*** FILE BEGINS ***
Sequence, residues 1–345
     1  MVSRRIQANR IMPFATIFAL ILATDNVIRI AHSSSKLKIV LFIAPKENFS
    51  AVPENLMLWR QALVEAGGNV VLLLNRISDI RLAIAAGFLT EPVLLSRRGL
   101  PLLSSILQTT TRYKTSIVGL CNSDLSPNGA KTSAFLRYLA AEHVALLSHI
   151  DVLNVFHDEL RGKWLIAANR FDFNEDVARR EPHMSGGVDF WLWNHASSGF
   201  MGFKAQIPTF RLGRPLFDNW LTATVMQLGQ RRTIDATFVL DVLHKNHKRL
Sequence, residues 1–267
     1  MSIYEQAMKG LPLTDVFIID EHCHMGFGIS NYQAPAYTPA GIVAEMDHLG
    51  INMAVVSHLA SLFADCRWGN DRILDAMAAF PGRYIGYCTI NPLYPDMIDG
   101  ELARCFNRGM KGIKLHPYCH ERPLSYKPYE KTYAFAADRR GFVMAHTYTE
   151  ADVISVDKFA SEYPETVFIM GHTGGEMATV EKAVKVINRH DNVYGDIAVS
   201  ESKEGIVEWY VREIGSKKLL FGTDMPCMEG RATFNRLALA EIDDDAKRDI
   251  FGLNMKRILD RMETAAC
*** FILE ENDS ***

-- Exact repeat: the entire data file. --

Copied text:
Sequence, residues 1–345
     1  MVSRRIQANR IMPFATIFAL ILATDNVIRI AHSSSKLKIV LFIAPKENFS
    51  AVPENLMLWR QALVEAGGNV VLLLNRISDI RLAIAAGFLT EPVLLSRRGL
   101  PLLSSILQTT TRYKTSIVGL CNSDLSPNGA KTSAFLRYLA AEHVALLSHI
   151  DVLNVFHDEL RGKWLIAANR FDFNEDVARR EPHMSGGVDF WLWNHASSGF
   201  MGFKAQIPTF RLGRPLFDNW LTATVMQLGQ RRTIDATFVL DVLHKNHKRL
Sequence, residues 1–267
     1  MSIYEQAMKG LPLTDVFIID EHCHMGFGIS NYQAPAYTPA GIVAEMDHLG
    51  INMAVVSHLA SLFADCRWGN DRILDAMAAF PGRYIGYCTI NPLYPDMIDG
   101  ELARCFNRGM KGIKLHPYCH ERPLSYKPYE KTYAFAADRR GFVMAHTYTE
   151  ADVISVDKFA SEYPETVFIM GHTGGEMATV EKAVKVINRH DNVYGDIAVS
   201  ESKEGIVEWY VREIGSKKLL FGTDMPCMEG RATFNRLALA EIDDDAKRDI
   251  FGLNMKRILD RMETAAC